We cut our GDP growth forecast for FY18-19 from 7.2% to 6.7%. Yet elevated inflation supports our forecast for two more central bank policy rate hikes this year
The message from the latest activity from India was that the economy slowed coming into the beginning of the financial year 2018-19 (runs from April to March). This prompts a downgrade of our GDP forecast for this year. But the balance of economic risks remains tilted toward inflation rather than growth, keeping the Reserve Bank of India (RBI) on track for a second rate hike of the year at the August meeting. There may be one more hike in October.
China's export growth beats consensus but slower import growth signals that future exports will be tough.
Imports only grew 14.1%YoY in June, lower than the consensus of 21.3%. Almost all import items shrunk from the previous month except copper sands and coal, which means that projected manufacturing is slowing.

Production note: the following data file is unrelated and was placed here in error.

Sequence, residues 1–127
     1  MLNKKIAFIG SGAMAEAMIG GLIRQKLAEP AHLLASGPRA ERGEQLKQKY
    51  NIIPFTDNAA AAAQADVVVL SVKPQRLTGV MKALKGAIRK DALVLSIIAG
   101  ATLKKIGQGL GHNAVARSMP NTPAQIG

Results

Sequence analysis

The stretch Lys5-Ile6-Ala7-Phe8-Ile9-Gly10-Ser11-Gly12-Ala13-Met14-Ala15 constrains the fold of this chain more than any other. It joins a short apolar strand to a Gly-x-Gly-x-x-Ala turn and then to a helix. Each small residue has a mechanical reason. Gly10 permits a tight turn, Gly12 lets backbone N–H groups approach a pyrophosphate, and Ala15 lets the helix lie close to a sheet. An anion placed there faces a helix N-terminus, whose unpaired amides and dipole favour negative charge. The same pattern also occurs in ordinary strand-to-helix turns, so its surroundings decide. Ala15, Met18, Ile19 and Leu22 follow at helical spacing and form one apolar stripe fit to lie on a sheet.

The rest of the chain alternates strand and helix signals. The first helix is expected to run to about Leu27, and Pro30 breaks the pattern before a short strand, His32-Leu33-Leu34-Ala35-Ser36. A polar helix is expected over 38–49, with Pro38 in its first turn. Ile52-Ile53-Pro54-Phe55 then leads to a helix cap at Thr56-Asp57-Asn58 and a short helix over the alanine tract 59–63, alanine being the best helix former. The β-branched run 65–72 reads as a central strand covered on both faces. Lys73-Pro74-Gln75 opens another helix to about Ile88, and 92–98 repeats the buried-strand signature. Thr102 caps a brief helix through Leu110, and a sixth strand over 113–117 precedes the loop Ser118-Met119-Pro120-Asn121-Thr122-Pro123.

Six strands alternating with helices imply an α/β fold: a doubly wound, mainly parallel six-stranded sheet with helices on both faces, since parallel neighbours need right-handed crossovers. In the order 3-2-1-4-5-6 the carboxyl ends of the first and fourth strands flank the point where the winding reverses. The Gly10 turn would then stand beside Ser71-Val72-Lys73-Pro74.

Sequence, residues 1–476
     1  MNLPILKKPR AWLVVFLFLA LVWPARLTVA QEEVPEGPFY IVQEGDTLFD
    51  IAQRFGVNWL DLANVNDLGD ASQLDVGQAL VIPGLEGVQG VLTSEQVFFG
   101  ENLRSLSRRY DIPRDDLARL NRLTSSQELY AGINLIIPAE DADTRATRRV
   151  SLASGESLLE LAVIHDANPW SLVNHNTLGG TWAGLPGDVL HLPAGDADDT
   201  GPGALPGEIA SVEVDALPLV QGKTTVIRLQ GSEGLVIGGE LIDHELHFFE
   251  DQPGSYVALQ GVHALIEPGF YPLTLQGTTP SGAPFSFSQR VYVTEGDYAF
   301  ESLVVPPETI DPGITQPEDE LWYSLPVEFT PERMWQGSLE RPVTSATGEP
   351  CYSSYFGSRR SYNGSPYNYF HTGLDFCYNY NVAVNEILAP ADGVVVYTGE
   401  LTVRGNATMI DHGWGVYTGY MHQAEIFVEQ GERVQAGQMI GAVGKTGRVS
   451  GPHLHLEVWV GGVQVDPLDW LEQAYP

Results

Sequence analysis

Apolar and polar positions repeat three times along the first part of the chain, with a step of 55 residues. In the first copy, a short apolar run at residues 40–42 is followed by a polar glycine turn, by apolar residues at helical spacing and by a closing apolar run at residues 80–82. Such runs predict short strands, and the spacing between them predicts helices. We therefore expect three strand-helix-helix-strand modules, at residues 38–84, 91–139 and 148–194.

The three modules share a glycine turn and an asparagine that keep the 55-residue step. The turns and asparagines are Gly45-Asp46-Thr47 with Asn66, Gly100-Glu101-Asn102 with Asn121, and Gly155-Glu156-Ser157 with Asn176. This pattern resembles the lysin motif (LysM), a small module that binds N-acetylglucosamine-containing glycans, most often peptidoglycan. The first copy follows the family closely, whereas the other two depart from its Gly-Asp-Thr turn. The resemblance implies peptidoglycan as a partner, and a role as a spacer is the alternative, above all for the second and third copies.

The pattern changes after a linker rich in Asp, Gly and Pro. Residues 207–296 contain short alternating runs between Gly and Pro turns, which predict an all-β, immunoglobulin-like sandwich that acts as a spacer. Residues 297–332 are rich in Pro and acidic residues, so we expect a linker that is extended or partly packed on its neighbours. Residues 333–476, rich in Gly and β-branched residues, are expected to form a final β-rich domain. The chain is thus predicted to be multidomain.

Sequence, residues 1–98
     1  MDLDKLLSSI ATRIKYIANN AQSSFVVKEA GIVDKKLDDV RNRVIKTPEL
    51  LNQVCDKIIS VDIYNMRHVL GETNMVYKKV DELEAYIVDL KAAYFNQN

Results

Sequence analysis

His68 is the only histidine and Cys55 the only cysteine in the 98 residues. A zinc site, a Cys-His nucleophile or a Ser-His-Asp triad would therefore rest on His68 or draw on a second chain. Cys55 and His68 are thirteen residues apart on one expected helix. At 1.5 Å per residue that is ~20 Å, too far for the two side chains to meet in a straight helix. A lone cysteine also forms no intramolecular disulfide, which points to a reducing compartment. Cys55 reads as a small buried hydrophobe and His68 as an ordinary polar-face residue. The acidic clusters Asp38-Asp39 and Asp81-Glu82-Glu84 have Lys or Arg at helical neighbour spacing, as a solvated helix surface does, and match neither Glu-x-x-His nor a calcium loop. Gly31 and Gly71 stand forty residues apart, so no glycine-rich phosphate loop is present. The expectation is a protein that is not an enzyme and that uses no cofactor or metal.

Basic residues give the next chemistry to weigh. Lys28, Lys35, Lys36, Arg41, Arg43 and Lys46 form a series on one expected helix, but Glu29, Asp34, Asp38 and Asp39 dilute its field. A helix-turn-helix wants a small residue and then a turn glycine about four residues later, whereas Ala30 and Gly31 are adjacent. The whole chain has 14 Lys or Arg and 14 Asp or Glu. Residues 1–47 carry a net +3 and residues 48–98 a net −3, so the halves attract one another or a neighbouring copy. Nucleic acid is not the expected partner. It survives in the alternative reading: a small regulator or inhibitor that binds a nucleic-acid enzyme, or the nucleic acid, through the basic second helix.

However, exports grew at 11.3%YoY outperforming the consensus forecast of 9.3%. Export items under tariff threats seem to front-run tariff charges. That may explain why integrated circuits grew 9% MoM.
We believe that future exports are unlikely to extend sustained growth.
It is just a matter of time before trade volumes shrink, directly impacting manufacturers that rely on the global supply chain.
While a softer yuan may cushion Chinese exports, the best it can do is to reduce the tariff effect by around 7% based on our USD/CNY forecast of 7.0 by end-2018.
The Chinese government will also use fiscal and monetary policies to stimulate the economy, and the coming activity data on Monday will provide us insight into the extent of policy support needed.
Asian activity data doesn’t yet speak about the trade war, which has just started. But it won't be too long
Next week in Asia kicks off with China’s GDP data for the second quarter. This and a slew of trade releases elsewhere in the region will be examined in light of the ensuing global trade war. Indonesia’s central bank has seen no fruits from the 100bp policy rate hikes in supporting the local currency and we don't think it will hike again next week.
US President Donald Trump's categorization of the EU as a "foe" on trade is well wide of the mark. And with China and the EU meeting at a summit in Beijing today, we will see what happens when your foe's foe becomes your friend